Mr. Coetzee says - in C's voice - that writing the essays gives him "[a]n opportunity to grumble in public, an opportunity to take magic revenge on the world for declining to conform to my fantasies [...]". C is most vocal about the US administration's shameless use of torture: this was written in 2005-2006, when - as C writes - the "criminals in high office" were "active in every way to subvert laws and conventions proscribing torture". But the majority of C's strong opinions are more fundamental rather than topical. He rants about the idea of the market playing the role of God in modern democracies, and points out one of the major shortcomings of the democratic system: "It is an elementary fallacy to conclude that because in democracy politicians represent the people therefore politicians are representative people." To me, C's thoughts on cultural issues are the most compelling, for example, his take on the fact that faking things becomes the norm in modern society: "In the present 'culture', few care to distinguish - indeed, few are capable of distinguishing - between sincerity and performance of sincerity, just as few distinguish between religious faith and religious observance."

J.M. Coetzee is a mathematician by education, so it's no wonder that C writes about the Zeno's paradox and about the meaning of probability; this is where I should perhaps relate the most, but I have found his thoughts on music, including a touching tribute to J. S. Bach, and the discussion about ownership of body parts even more interesting. The grim passage about mass slaughter of animals that occurs daily all over the world is hard to read and should serve as a wake-up call to us humans: our humanness is clearly in question.

The most fascinating characteristic of Diary is - to me, a devotee of recursion - its multi-faceted and multi-level self-referentiality. Using C's voice Mr. Coetzee writes about his own writing and examines the authority of authors. Even the famous and successful author, he says, like Tolstoy, is an "ordinary [man] with ordinary, fallible opinions." The authors, he continues, do not have much wisdom to offer, and "wisdom is not what they [deal] in." Thus, in a sense, C's words undermine the significance of what Mr. Coetzee himself writes about. For instance, he teases the reader by first offering - as C - a magnificent passage "On the birds of the air", where he describes a certain magpie he knows from the park - "the magpie-in-chief (that is how I think of him)" - and then, in the words of Anya, says that he - C - knows how to "draw the reader in (for example, in the bit about the birds in the park)", thus pointing out how easy it is to influence a reader using purely literary devices. Also, Diary likely contains the most touches of humor among all the 18 works by Coetzee I have read so far. I would rank the sentence quoted in the epigraph among the Top 10 Funniest Moments in Otherwise Really Serious Literature: it does not take much guessing to figure out what this scroll in some foreign language might be.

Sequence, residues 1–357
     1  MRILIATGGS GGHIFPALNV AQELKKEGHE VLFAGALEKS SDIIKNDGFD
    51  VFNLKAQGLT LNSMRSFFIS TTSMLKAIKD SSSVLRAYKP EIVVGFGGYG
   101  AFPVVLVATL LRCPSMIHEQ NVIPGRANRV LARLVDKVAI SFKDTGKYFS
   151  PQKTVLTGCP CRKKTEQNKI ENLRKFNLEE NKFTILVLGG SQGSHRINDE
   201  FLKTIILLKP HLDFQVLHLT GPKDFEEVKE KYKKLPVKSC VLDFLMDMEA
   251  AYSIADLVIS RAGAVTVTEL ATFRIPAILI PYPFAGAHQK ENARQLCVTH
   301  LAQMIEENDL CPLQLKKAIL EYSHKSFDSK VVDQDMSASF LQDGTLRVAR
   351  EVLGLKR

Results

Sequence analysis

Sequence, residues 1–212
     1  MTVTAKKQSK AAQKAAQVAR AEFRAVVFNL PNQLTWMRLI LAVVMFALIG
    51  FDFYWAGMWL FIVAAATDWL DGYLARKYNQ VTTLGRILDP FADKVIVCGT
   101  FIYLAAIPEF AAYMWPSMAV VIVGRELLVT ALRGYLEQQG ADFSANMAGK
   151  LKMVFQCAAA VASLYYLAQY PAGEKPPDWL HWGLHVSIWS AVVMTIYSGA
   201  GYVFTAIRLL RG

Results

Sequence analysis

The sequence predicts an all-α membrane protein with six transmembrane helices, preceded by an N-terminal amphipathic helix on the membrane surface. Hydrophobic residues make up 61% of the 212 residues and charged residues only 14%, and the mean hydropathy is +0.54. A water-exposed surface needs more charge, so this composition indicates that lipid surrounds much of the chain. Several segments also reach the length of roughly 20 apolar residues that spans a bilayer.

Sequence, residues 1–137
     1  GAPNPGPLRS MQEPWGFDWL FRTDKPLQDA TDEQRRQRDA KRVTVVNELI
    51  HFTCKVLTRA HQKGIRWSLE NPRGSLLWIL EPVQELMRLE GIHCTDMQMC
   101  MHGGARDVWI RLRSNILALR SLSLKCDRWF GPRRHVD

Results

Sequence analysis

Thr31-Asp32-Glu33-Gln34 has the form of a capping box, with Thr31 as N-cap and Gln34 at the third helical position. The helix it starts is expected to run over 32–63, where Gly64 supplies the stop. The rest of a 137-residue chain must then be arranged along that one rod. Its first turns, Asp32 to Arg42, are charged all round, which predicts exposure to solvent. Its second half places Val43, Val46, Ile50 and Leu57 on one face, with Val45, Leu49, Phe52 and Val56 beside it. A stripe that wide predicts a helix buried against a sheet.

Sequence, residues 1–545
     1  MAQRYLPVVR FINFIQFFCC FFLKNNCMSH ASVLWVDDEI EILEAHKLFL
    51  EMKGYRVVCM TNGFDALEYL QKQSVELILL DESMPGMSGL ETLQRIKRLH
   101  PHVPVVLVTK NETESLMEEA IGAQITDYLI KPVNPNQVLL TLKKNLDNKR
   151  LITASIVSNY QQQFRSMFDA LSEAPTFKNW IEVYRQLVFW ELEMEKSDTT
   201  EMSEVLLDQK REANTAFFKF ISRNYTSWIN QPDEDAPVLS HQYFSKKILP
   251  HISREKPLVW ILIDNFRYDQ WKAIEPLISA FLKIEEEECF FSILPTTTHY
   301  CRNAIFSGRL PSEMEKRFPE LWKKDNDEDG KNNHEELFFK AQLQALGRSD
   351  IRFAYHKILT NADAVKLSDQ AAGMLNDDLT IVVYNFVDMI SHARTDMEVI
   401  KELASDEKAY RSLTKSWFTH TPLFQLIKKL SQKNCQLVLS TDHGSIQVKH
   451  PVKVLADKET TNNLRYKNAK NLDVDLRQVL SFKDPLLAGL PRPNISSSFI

To me, the book has its most powerful moments in its later part, called the "Second Diary", which opens with the description of a "troubling dream" - a disturbing and desperately sad C's dream about his death. The motif of death returns at the ending, which - despite the grim topic - is uplifting and extraordinarily moving. Diary of a Bad Year takes some time to draw the reader in, but once we are in, this is one of Coetzee's better books.

Four and a half stars.